In the preferred embodiment, controller 14 displays and periodically updates the state of charge of the batteries so that the operator is continually informed the available energy stored in the batteries. The status display advises of the voltage of the series combination of batteries, the temperature of each battery, and the relative states of charge among the different batteries.
In the preferred embodiment, the equalization process is automatically performed whenever charging is being performed. This serves to maintain all the batteries in a proper state of charge and prevents any battery from being undercharged with respect to the rest of the batteries. This continuous process allows detection and identification of a weak cell or battery at an early point in time so that the battery can be equalized with respect to the rest of the batteries and thereby prevent the weak battery from being further weakened or being seriously damaged or so that the operator can be alerted of the problem and prevent future, more serious problems.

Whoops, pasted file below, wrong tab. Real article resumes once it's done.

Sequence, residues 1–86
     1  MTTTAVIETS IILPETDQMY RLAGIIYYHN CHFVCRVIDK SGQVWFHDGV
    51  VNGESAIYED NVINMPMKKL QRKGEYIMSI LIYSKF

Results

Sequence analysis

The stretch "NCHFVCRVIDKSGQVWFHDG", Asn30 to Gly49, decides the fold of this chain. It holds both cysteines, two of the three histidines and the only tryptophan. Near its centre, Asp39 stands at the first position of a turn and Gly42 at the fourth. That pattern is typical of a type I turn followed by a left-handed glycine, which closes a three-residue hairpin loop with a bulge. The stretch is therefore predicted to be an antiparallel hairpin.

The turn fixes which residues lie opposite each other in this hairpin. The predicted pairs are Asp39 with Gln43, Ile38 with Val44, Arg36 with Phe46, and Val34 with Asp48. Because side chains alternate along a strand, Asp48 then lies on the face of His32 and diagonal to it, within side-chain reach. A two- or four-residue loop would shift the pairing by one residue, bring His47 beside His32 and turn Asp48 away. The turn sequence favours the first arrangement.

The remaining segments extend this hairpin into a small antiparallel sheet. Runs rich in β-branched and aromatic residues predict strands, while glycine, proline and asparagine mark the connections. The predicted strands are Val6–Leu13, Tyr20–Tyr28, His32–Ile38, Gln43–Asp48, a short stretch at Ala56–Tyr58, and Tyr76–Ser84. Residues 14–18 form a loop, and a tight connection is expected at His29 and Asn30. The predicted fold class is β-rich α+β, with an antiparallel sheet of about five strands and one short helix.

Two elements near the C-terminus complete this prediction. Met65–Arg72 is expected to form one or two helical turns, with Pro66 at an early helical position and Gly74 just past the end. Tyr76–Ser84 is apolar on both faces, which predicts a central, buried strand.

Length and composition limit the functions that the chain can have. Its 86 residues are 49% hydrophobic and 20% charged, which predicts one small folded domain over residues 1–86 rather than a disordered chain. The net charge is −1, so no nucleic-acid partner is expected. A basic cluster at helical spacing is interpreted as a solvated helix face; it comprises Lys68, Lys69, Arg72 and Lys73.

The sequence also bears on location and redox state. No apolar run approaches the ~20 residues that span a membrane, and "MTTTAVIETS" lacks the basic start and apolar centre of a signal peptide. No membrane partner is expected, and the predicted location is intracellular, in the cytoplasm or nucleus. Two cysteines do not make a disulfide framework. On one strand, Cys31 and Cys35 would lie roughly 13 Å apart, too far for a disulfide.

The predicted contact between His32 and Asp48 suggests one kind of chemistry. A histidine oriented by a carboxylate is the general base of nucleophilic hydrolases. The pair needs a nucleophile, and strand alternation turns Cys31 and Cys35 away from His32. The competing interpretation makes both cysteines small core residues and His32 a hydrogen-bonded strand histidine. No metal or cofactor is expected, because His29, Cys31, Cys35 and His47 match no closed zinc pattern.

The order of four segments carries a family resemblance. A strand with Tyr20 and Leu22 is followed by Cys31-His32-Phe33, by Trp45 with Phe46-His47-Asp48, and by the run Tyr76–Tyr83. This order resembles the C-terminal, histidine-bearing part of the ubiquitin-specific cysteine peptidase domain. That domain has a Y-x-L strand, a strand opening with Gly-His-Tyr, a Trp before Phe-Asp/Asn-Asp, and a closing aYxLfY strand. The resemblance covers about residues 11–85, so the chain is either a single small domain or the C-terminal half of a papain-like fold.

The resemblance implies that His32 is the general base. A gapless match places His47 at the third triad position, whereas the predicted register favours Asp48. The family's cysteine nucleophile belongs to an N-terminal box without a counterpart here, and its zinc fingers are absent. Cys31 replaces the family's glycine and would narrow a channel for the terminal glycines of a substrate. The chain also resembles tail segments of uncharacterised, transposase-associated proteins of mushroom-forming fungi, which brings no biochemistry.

In some situations, batteries are connected in series to form a high voltage battery pack and several of these high voltage battery packs are connected in parallel to provide a desired current capability. The present invention is also useful therewith. The charging device should be able to treat each battery pack independently or else charging current will be completely shunted around a fully charged battery pack and energy thereby wasted. Separate modules 12 would be used for each of the paralleled battery packs but a common controller 14 would be used.